On our way to Sequim, where we planned to spend the night, we turned off Route 101 up Lost Mountain Road to the Lost Mountain Winery. Proprietor Romeo Conca’s driveway was something of a challenge for our low-slung carriage; next time we’ll park on the road and walk up to the shady house where he creates his natural, sulfite-free wines from Washington state grapes. In the summer, visitors can taste his new releases along with homemade bread and good cheese. Romeo showed us some of the labels that have adorned past bottles: beautifully executed poems, one for each year’s vintage. For wine buffs, Lost Mountain is one of four wineries in the Olympic area, all of which can easily be visited in a day’s trip.
It was late afternoon when we turned down the long driveway of the Domaine Madeleine. We were met by Madeleine and John Chambers who invited us to walk around the grounds. Past brilliant rhododendrons and lush azaleas, the lawn stretched to a cliff overlooking the Strait of Juan de Fuca and the gray outline of Vancouver Island’s mountains. Two cargo ships moved silently eastward.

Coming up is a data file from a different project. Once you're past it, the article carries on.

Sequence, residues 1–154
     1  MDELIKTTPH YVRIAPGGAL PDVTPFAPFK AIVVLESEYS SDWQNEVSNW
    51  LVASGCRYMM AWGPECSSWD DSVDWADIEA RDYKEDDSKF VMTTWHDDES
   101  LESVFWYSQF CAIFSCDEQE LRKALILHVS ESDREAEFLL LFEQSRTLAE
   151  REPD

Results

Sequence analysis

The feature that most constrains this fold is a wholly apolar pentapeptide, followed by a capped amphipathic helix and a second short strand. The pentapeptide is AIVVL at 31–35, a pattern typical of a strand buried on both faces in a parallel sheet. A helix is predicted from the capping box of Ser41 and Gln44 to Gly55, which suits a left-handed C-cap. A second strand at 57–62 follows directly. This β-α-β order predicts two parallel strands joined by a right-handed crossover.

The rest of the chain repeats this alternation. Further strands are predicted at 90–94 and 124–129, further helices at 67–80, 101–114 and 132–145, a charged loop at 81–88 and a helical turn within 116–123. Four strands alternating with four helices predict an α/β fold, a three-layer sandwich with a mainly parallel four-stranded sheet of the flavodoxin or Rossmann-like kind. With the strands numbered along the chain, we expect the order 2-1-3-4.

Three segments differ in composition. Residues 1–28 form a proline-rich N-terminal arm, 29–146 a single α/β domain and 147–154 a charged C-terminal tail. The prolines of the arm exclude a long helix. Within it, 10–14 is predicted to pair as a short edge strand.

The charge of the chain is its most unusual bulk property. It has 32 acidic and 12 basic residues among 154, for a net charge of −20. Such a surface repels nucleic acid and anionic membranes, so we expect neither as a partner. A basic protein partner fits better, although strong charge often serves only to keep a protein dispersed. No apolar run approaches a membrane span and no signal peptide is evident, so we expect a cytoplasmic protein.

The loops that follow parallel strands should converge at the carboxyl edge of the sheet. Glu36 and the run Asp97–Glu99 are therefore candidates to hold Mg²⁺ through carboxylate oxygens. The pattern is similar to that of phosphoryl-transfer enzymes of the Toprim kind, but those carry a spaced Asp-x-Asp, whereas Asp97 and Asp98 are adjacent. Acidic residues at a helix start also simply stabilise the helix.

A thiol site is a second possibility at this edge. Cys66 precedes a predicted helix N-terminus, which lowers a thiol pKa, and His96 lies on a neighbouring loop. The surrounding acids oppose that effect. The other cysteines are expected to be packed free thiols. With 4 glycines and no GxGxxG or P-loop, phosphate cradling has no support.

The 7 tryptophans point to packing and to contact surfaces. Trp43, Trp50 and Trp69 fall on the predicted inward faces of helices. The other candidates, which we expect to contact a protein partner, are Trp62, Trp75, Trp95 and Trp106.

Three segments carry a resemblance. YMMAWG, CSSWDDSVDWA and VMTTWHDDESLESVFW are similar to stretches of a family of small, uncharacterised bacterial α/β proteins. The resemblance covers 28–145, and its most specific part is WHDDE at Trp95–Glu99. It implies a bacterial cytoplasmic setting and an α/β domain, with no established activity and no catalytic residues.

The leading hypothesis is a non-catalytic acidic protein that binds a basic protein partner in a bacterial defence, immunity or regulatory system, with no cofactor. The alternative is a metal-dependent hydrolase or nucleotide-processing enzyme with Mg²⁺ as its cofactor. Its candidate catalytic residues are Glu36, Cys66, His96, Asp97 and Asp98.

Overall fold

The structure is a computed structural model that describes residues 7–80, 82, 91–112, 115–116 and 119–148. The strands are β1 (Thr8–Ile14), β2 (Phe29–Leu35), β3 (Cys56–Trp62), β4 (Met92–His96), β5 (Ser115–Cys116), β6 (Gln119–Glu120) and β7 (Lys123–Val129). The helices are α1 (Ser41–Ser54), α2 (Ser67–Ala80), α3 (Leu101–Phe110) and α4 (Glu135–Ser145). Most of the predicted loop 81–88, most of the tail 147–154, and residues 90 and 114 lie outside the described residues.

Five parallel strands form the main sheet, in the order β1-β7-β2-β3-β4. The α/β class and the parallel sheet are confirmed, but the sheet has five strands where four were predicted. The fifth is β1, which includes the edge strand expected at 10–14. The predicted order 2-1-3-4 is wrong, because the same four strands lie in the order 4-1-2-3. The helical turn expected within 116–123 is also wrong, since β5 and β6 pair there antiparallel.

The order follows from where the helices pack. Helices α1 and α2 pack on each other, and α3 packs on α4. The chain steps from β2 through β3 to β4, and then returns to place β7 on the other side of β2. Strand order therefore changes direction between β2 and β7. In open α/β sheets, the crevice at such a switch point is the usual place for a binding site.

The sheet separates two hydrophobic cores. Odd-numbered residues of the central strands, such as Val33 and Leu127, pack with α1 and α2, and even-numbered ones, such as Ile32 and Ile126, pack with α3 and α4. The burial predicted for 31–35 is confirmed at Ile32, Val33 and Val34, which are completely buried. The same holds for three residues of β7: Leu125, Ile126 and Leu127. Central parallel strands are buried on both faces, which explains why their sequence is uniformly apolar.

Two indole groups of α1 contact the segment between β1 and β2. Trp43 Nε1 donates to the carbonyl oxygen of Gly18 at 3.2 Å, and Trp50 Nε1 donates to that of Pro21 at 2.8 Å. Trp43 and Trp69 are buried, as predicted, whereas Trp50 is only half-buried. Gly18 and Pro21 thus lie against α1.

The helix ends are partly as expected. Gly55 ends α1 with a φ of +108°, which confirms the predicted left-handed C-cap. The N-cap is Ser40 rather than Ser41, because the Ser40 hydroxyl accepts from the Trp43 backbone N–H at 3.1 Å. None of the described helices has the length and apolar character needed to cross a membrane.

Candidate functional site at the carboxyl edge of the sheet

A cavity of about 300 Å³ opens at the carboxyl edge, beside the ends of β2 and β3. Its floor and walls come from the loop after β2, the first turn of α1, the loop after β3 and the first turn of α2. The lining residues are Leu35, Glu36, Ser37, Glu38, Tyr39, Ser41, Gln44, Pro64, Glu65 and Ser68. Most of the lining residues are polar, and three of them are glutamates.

Next, we were given a tour of the house. To call the place a bed and breakfast establishment would be like calling our Corvette simple transportation. The spacious living room is decorated in spare elegance with Oriental antiques. There is a downstairs suite overlooking the water, and upstairs, the Ming Room offered us a private balcony, European feather bed, whirlpool, a charming array of French perfumes and Pierre Cardin bathrobes in the closet.